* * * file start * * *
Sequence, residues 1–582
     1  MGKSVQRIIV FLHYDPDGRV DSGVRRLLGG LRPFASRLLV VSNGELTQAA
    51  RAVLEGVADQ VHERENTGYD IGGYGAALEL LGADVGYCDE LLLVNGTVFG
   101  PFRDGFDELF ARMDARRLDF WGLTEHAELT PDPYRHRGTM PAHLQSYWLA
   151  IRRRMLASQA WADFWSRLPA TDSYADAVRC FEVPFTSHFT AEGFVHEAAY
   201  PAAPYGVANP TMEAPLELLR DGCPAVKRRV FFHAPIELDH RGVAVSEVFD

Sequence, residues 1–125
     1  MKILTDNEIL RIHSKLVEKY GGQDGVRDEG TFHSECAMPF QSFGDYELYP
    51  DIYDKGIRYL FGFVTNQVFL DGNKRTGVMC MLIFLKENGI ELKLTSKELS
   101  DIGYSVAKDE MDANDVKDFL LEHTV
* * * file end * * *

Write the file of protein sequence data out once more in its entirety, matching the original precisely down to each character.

Sequence, residues 1–582
     1  MGKSVQRIIV FLHYDPDGRV DSGVRRLLGG LRPFASRLLV VSNGELTQAA
    51  RAVLEGVADQ VHERENTGYD IGGYGAALEL LGADVGYCDE LLLVNGTVFG
   101  PFRDGFDELF ARMDARRLDF WGLTEHAELT PDPYRHRGTM PAHLQSYWLA
   151  IRRRMLASQA WADFWSRLPA TDSYADAVRC FEVPFTSHFT AEGFVHEAAY
   201  PAAPYGVANP TMEAPLELLR DGCPAVKRRV FFHAPIELDH RGVAVSEVFD

Sequence, residues 1–125
     1  MKILTDNEIL RIHSKLVEKY GGQDGVRDEG TFHSECAMPF QSFGDYELYP
    51  DIYDKGIRYL FGFVTNQVFL DGNKRTGVMC MLIFLKENGI ELKLTSKELS
   101  DIGYSVAKDE MDANDVKDFL LEHTV